Top Ten 2013 Delaware Corporate and Commercial Decisions

By: Francis G.X. Pileggi and Kevin F. Brady

This is our ninth annual review of key Delaware corporate and commercial decisions. During 2013, we reviewed and summarized over 200 decisions from Delaware’s Supreme Court and Court of Chancery on corporate and commercial issues. Among the decisions with

Grace v. Ashbridge LLC, C.A. No. 8348-VCN (Del. Ch. Dec. 31, 2013).

Issue Addressed:  Whether a successor entity was liable for advancement and indemnification claims based on the operating agreement of a successor entity LLC even though the sole allegations involve a predecessor entity and a related entity. Short Answer:  No.

Brief Overview

Boris v. Schaheen, C.A. No. 8160-VCN (Del. Ch. Dec. 2, 2013).

Issue Addressed:  Whether the written consents of stockholders pursuant to DGCL Section 228 effectively selected new board members.

Brief Overview

This 51-page post-trial decision addressed the effectiveness of written consents of stockholders that were designed to select new board members.  The two

Anderson v. Krafft-Murphy Company, Inc., Del. Supr., No. 85-2013 (Nov. 26, 2013).

Issue Presented: Delaware’s Supreme Court addresses issues of first impression in this opinion, including: does Delaware’s corporation dissolution scheme (8 Del. C. Sections 278 to 282) have a “general” statute of limitations for claims by third-parties against dissolved corporations? Short Answer: No.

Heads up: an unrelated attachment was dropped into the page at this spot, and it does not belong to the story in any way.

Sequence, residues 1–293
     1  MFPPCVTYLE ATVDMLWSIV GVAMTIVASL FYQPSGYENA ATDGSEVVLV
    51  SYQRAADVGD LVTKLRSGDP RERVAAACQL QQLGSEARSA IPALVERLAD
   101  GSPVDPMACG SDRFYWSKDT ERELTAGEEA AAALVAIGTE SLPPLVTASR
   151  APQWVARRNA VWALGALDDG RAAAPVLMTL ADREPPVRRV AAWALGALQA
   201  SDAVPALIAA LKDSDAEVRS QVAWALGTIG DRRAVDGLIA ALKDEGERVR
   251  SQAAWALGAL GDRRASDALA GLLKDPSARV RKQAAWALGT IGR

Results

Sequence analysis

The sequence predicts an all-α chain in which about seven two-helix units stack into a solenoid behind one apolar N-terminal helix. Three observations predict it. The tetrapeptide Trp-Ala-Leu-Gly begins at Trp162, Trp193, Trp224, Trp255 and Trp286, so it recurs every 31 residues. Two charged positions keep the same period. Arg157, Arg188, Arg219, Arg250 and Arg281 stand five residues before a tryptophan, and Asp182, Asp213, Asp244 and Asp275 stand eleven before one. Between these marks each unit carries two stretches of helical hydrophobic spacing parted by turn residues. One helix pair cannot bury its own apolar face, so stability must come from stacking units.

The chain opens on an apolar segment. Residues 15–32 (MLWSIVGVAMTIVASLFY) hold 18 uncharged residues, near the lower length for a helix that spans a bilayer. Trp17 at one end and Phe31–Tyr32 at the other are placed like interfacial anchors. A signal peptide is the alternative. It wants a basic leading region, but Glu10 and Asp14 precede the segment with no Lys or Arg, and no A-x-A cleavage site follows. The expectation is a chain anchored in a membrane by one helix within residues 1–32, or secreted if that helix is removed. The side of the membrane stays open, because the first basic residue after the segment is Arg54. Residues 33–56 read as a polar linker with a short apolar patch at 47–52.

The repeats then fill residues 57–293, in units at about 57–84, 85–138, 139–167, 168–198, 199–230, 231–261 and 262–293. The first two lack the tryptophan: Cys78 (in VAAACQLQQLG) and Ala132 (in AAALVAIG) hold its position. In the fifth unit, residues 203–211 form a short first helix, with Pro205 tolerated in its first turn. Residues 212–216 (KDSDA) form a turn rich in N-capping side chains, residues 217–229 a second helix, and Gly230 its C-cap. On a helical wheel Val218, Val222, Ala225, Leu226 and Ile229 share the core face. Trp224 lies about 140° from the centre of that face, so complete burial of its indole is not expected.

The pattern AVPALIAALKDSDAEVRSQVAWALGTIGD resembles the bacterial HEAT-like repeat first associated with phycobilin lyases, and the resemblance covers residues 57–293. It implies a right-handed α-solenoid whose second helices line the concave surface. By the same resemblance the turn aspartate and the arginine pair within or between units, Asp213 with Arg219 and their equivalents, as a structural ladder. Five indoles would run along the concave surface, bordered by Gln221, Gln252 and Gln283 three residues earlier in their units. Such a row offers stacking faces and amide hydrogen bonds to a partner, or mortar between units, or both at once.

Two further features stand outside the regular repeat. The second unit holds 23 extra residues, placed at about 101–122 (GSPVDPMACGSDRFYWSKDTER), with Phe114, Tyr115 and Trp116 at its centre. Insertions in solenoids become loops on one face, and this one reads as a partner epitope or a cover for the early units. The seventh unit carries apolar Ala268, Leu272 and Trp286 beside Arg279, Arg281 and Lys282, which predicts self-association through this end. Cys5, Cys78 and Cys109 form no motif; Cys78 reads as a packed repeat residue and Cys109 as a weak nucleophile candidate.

Darby Emerging Market Fund, L.P. v. Ryan,  Consol. C.A. No. 8381-VCP (Del. Ch. Nov. 27, 2013).

This Chancery decision addressed whether the Court had equitable jurisdiction over a dispute among shareholders of a foreign entity. Delaware’s court of equity relied on the well-worn “clean up doctrine”, which allows it to exercise equitable jurisdiction over an

Pfeiffer v. Leedle, C.A. No. 7831-VCP (Del. Ch. Nov. 8, 2013).

Issue Addressed:  Whether the approval of stock option grants that exceeded the maximum number of stock options allowed under the stock incentive plan was the basis for a breach of fiduciary duty claim against both the board that approved it and the